Patrick St. Cin:
    I left that job and I guess it's two years ago now.

    Thomas Young:
    Okay.

    Patrick St. Cin:
    The reason for doing it was several life changes occurred where we found out we had benefits that we forgot about in our lives. So it made it a little bit more comfortable for me to move into something that I could do. I thought this was going to be like kind of a casual type of thing. No, no. When you work for yourself, it's a 24/7 kind of thing.

    Thomas Young:
    Yeah. I mean you work 80 hours so you don't have to work 40.

    Patrick St. Cin:
    Yeah, exactly. Yeah. So let's say it was a couple of years ago that I got out of it. I had been doing, even when I was, let's say, back before the recession, I had done some flips, real estate flips, and got into the financial advising and held off until I got to this point. I did a couple of more flips, what they call wholesaling or that kind of thing. And in the midst of all of it, I realized that there was an opportunity for me to add a service to the networks that I belonged to. There were several other lenders out there, but I felt that educating my client was, was paramount, so that I will spend time on the phone with a client to my bosses [inaudible 00:12:02], and that's my wife. I will spend 30 or 45 minutes on the phone with somebody making sure that they're educated about what they're about to get into with a loan.

    Thomas Young:
    Right.

    Patrick St. Cin:
    So that was my first thing. And the other was the fees that were being charged, coming from an advisory world. Wow. If I would've gotten 4% every time, I would have been fat, dumb and happy on that. That doesn't happen.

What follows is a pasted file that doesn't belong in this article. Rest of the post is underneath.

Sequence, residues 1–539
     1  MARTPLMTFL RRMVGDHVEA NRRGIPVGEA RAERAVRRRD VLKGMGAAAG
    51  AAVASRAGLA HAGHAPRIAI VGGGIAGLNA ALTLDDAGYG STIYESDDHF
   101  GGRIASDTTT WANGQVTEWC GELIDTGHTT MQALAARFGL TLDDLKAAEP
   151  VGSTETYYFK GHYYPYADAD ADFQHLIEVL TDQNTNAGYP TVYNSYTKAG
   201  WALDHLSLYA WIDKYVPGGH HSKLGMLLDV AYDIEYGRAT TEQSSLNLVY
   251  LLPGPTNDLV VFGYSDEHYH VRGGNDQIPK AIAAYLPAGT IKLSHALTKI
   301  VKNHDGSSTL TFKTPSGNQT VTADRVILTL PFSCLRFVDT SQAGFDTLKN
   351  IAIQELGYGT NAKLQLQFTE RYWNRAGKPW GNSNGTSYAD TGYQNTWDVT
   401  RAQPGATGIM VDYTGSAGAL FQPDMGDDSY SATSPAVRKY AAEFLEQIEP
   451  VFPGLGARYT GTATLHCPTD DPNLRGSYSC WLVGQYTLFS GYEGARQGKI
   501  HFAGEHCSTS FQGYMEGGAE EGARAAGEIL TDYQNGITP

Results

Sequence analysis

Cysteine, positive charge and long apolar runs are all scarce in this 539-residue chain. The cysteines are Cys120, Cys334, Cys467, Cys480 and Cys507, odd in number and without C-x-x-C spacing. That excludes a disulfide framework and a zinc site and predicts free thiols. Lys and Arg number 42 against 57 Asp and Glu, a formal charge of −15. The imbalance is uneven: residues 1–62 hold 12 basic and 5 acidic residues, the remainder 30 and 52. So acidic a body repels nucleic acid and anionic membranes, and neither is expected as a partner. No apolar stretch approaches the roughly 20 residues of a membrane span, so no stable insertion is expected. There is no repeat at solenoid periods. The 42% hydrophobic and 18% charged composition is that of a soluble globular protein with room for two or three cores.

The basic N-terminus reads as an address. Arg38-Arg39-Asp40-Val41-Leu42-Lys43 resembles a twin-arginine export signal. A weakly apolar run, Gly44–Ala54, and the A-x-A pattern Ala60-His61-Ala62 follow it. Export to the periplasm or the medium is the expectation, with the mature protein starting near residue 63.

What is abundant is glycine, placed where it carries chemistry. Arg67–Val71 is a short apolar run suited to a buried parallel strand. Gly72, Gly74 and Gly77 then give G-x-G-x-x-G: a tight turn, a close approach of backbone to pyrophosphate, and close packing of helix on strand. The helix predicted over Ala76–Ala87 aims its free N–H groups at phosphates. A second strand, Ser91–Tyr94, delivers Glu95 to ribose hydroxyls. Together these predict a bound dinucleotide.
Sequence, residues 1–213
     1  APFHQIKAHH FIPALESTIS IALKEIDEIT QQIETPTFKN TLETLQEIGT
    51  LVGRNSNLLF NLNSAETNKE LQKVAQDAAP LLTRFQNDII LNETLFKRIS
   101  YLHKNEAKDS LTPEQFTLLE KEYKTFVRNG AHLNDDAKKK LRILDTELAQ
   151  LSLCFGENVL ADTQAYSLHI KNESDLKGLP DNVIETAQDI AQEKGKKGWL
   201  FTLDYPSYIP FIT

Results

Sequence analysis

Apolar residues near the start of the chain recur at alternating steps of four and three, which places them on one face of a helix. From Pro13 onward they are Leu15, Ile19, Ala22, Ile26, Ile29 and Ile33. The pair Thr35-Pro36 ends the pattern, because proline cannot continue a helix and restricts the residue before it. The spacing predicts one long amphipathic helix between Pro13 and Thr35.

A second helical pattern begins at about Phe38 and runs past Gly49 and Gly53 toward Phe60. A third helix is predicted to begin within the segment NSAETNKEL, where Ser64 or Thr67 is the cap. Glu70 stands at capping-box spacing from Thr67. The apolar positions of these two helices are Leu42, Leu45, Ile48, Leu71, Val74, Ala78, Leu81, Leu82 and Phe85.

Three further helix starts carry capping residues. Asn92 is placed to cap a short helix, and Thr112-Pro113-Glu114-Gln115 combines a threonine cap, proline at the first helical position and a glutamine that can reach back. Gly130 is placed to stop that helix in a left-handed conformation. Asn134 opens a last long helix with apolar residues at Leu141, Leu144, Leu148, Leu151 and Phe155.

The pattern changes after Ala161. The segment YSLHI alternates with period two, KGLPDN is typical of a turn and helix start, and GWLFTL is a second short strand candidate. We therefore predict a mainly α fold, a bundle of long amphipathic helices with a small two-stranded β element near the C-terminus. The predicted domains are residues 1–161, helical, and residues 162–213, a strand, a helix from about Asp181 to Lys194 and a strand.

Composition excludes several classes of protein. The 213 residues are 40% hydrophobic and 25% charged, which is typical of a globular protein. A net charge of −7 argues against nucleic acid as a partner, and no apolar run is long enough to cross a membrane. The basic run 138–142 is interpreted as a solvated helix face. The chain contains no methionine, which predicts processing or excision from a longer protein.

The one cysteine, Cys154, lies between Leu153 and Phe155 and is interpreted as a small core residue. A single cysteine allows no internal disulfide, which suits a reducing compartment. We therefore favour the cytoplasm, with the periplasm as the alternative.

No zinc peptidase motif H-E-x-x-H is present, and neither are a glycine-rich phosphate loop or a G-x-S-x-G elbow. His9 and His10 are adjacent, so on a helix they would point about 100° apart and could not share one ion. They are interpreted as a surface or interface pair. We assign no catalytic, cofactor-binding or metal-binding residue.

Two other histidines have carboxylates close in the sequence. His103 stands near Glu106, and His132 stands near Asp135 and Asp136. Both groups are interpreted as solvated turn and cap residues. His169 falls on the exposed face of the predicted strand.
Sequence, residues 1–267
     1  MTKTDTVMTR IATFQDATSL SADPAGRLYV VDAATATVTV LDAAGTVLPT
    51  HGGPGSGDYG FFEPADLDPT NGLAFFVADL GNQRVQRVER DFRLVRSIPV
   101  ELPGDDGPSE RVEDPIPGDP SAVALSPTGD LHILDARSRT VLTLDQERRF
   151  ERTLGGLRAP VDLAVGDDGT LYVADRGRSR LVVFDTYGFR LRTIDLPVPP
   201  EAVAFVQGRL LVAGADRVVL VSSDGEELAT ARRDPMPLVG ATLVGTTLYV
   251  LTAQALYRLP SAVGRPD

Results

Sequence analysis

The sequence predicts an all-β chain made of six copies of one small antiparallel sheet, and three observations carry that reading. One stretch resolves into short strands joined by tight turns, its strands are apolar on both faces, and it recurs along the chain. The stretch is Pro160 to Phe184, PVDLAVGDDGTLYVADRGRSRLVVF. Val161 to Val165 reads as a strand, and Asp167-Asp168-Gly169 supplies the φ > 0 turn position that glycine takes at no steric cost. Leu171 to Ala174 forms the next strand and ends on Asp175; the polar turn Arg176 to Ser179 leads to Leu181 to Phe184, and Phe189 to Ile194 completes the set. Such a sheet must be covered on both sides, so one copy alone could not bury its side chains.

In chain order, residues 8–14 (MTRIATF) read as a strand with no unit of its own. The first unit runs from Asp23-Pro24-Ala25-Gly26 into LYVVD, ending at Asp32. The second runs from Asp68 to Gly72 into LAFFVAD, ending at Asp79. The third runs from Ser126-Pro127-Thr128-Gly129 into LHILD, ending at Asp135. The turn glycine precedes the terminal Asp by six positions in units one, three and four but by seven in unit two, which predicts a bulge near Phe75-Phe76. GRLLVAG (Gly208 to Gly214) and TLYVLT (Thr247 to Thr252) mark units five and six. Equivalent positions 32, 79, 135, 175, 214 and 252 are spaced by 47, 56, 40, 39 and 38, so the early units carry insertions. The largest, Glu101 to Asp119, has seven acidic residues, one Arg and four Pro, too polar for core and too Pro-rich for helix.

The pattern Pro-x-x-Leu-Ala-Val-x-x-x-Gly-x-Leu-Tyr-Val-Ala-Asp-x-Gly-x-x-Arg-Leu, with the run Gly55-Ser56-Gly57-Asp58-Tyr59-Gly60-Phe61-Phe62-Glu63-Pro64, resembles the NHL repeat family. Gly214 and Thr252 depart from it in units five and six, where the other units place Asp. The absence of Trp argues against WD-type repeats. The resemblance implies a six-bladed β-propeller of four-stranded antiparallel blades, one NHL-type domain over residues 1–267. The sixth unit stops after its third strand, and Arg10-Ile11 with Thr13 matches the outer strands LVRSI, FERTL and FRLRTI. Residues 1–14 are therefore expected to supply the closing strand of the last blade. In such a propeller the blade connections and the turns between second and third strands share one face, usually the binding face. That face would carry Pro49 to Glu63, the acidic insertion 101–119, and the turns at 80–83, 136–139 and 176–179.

Thomas Young:
    Right.

    Patrick St. Cin:
    So the lending world for hard money, you have to be careful who you're working with because they can take you to the cleaners and you didn't realize it.

    Thomas Young:
    Right.

    Patrick St. Cin:
    And so that's the that was my second goal was to make sure that the client was being charged an appropriate fee for what they wanted, not just an arbitrary, we're charging X percent because that's what we can do.

    Thomas Young:
    Right. It's not about what you can get. It's about what's fair for both parties.

    Patrick St. Cin:
    Yeah. Because I'd rather have people come back to me and that's what I've got. I've got a small clientele of repeat clients now.

    Thomas Young:
    Right. And just so that we talk about it, so, cause I don't think we touched on it. What you're doing specifically inside the real estate space is you are a hard money lender.

    Patrick St. Cin:
    Yes. That is correct. I am a hard money lender and I also broker private money.

    Thomas Young:
    Okay.

    Patrick St. Cin:
    So people who have IRAs or they're just bank account type money, the extra money that they have. And I will broker that. Matter of fact, I'm doing one, it'll close next week.

    Thomas Young:
    So that the way that would work is, for example, I have, I don't know what your average check size is, but let's say I have a $100,000 lying around that I need to put to work.

    Patrick St. Cin:
    Right.

    Thomas Young:
    So I could go to you and say, Hey, and you broker the deal for me.

    Patrick St. Cin:
    Yeah, I will broker the deal and then I service the loan and then we make sure that it gets closed appropriately or if there's an extension necessary, we do that as well.

    Thomas Young:
    Right, okay.

    Patrick St. Cin:
    So yeah.

    Thomas Young:
    That makes sense. Then why specifically did you choose that segment of the real estate industry? Because there's a lot of things that you could be doing. Why hard money specifically?

    Patrick St. Cin:
    Coming out of nine-plus years of the financial industry, the underlying goal of a financial advisor is to move money.

    Thomas Young:
    Right.

    Patrick St. Cin:
    And so, the same thing in the real estate financing world. You've got to move money to make money.

    Thomas Young:
    Right.

    Patrick St. Cin:
    And so I knew how to do that and that's, it just was second nature at that point.